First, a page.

I loved this game so much when I got it about 6 years ago. I was starting the process of moving from a town to a city, so my life was pretty crazy, but everything in this game was peaceful and stable. This game was truly all inclusive and you did not have to play multiplayer to receive anything that made this game any more entertaining. Whether this was because the multiplayer process included switching memory cards rather than going online was the most likely reason that this happened, but it definitely showed the creators’ effort with making a game that would be fun for hours by yourself.
The animal speech in the series turned into gibberish for the other 3 games since this one, however in this game you can actually listen to them speak and decipher some words and phrases that sound like a warped/sped up version of English, giving the villagers a more realistic feel although still animals.
Up to 16 villagers can live in your town at a time, and a system is in place where you can go up to any villager and ask for a job immediately, meaning that you will never run out of things to do. Nearly every weekend an activity occurs whether it is a bug/fish competition or a holiday. The mayor is involved in the town allowing you to be in charge of the lighthouse for the night or handing you event related gifts.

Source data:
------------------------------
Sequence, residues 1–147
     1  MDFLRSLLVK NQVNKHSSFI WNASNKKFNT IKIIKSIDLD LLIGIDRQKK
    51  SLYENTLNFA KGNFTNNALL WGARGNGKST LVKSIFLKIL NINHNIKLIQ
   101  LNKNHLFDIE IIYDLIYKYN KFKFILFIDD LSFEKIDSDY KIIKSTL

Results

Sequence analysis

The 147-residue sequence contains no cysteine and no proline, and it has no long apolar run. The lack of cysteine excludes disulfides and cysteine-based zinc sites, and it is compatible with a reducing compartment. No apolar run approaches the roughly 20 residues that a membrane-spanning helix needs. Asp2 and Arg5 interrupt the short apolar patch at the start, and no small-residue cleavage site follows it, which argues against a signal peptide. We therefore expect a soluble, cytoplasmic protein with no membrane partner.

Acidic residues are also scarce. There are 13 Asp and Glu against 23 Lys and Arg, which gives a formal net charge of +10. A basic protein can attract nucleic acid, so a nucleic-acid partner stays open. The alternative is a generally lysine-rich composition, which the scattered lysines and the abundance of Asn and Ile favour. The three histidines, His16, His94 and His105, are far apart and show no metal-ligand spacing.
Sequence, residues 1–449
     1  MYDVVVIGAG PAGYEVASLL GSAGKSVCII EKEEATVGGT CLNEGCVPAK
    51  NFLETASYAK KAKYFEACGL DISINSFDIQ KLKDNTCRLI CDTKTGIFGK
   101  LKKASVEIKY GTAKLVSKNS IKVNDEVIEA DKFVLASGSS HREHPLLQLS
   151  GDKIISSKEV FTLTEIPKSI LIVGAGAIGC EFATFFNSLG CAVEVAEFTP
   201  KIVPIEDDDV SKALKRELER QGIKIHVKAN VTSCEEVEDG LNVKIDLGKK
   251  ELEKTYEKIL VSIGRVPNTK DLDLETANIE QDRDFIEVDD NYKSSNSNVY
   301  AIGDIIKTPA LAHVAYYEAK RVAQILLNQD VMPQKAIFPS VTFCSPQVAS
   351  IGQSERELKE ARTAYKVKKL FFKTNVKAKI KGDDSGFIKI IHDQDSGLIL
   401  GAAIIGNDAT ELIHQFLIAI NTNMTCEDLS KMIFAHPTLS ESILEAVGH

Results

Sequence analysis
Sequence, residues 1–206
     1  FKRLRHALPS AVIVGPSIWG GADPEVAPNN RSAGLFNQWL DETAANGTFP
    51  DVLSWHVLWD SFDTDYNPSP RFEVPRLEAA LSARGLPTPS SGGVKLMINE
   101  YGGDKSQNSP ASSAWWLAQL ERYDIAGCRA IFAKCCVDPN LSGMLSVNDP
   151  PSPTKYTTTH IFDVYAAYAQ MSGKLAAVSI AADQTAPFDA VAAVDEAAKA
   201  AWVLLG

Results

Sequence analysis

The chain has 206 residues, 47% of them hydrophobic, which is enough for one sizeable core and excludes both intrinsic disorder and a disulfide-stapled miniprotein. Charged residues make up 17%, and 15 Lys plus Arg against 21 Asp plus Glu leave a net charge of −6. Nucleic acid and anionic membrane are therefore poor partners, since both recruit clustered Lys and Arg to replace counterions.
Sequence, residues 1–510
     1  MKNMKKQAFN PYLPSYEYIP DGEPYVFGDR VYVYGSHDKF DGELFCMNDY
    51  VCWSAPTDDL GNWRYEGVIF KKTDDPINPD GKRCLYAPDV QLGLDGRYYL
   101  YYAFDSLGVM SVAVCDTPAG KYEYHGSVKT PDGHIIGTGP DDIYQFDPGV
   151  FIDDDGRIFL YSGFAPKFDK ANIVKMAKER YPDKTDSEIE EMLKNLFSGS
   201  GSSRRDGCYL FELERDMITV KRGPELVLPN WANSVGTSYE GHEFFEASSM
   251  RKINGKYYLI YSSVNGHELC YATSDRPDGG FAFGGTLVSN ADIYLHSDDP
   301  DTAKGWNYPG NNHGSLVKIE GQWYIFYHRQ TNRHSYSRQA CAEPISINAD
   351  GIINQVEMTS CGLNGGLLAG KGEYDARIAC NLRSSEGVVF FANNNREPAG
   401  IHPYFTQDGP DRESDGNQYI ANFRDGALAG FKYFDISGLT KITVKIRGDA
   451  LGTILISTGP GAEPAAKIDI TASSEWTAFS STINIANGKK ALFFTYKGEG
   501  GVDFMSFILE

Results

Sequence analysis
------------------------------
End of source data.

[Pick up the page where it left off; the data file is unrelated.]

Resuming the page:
KK Slider, a staple for the series who provides music for the custom houses, starts his career as a railroad stop singer before he is upgraded to a cafe singer in the later games.
There are random things to do around the town to keep you busy such as watering flowers, talking and making friends with the villagers, kicking a ball around, digging up fossils and treasure, or stocking the museum with bugs, fish, and fossils. There is never a boring day when playing this game.
If you are looking for an amazing retro gaming experience or simply want an Animal Crossing game that you can play for hours on end without needing multiplayer to progress, this is definitely the game for you.
Overall Rating: 5/5